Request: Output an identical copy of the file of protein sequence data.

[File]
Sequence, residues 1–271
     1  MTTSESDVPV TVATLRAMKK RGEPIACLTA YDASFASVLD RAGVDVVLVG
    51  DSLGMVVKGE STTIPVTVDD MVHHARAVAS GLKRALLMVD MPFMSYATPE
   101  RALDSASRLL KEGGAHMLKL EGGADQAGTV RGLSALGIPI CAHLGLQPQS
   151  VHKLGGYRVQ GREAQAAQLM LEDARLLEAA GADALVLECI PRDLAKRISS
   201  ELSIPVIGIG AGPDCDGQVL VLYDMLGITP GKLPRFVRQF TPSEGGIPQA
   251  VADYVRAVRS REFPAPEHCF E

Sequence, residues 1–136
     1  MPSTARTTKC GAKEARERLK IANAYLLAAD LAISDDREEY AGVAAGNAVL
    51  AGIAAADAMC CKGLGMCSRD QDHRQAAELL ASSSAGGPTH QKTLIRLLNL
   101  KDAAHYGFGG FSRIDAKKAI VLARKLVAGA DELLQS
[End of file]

Sequence, residues 1–271
     1  MTTSESDVPV TVATLRAMKK RGEPIACLTA YDASFASVLD RAGVDVVLVG
    51  DSLGMVVKGE STTIPVTVDD MVHHARAVAS GLKRALLMVD MPFMSYATPE
   101  RALDSASRLL KEGGAHMLKL EGGADQAGTV RGLSALGIPI CAHLGLQPQS
   151  VHKLGGYRVQ GREAQAAQLM LEDARLLEAA GADALVLECI PRDLAKRISS
   201  ELSIPVIGIG AGPDCDGQVL VLYDMLGITP GKLPRFVRQF TPSEGGIPQA
   251  VADYVRAVRS REFPAPEHCF E

Sequence, residues 1–136
     1  MPSTARTTKC GAKEARERLK IANAYLLAAD LAISDDREEY AGVAAGNAVL
    51  AGIAAADAMC CKGLGMCSRD QDHRQAAELL ASSSAGGPTH QKTLIRLLNL
   101  KDAAHYGFGG FSRIDAKKAI VLARKLVAGA DELLQS